Piezoresponse force microscopy (PFM) probes the mechanical deformation of a sample in response to an electric field applied with the tip of an atomic force microscope. Originally developed more than two decades ago to study ferroelectric materials, this technique has since been used to probe electromechanical functionality in a wide range of piezoelectric materials including organic and biological systems. Piezoresponse force microscopy has also been demonstrated as a useful tool to detect mechanical strain originating from electrical phenomena in non-piezoelectric materials. Parallelling advances in analytical and numerical modelling, many technical improvements have been made in the last decade: switching spectroscopy PFM allows the polarisation switching properties of ferroelectrics to be resolved in real space with nanometric resolution, while dual ac resonance tracking and band excitation PFM have been used to improve the signal-to-noise ratio. In turn, these advances have led to increasingly large multidimensional data sets containing more complete information on the properties of the sample studied. In this review, PFM operation and calibration are described, and recent advances in the characterisation of electromechanical coupling using PFM are presented. The breadth of the systems covered highlights the versatility and wide applicability of PFM in fields as diverse as materials engineering and nanomedicine. In each of these fields, combining PFM with complementary techniques is key to develop future insight into the intrinsic properties of the materials as well as for device applications.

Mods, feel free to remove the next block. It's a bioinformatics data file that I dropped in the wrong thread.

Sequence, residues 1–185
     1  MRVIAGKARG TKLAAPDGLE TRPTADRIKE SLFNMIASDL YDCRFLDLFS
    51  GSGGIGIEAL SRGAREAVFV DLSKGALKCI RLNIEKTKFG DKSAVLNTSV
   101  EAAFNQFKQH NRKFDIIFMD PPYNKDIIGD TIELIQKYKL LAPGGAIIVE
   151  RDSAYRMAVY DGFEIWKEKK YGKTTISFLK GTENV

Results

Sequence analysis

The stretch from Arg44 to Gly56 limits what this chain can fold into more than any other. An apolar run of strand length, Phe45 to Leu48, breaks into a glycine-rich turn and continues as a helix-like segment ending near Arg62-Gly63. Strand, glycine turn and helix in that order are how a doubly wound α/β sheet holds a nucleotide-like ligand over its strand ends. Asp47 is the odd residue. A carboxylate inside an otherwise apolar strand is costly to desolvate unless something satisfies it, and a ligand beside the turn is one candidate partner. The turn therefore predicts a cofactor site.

1016Scopus© Citations 76
  • Publication
    Piezoelectricity in collagen type II fibrils measured by scanning probe microscopy
    (American Institute of Physics, 2014-08-11) ; ; ; ;
    The converse piezoelectric effect in collagen type II fibrils, the main collagen constituent in cartilage, was investigated using piezoresponse force microscopy. The fibrils exhibited shear piezoelectric behavior similar to that previously reported in collagen type I fibrils and followed the same cantilever-fibril angle dependence present for type I. A uniform polarization directed from the amine to carboxyl termini, as seen for collagen type I, was observed in all type II fibrils studied. The shear piezoelectric coefficient, d 15, however, for type II was roughly 28–32% of the value measured for type I fibrils. Possible explanations for the reduced piezoelectric coefficient of type II collagen are provided.
      628Scopus© Citations 22
  • Publication
    Photoreduction of SERS-active metallic nanostructures on chemically-patterned ferroelectric crystals
    Photodeposition of metallic nanostructures onto ferroelectric surfaces is typically based on patterning local surface reactivity via electric field poling. Here, we demonstrate metal deposition onto substrates which have been chemically patterned via proton exchange (i.e., without polarization reversal). The chemical patterning provides the ability to tailor the electrostatic fields near the surface of lithium niobate crystals and these engineered fields are used to fabricate metallic nanostructures. The effect of the proton exchange process on the piezoelectric and electrostatic properties of the surface is characterized using voltage modulated atomic force microscopy techniques, which combined with modeling of the electric fields at the surface of the crystal, reveal that the deposition occurs preferentially along the boundary between ferroelectric and proton exchanged regions. The metallic nanostructures have been further functionalized with a target probe molecule, 4-aminothiophenol, from which surface enhanced Raman scattering (SERS) signal is detected, demonstrating the suitability of chemically patterned ferroelectrics as SERS-active templates.
      707Scopus© Citations 60
  • Publication
    Growth mechanism of photoreduced silver nanostructures on periodically proton exchanged lithium niobate: Time and concentration dependence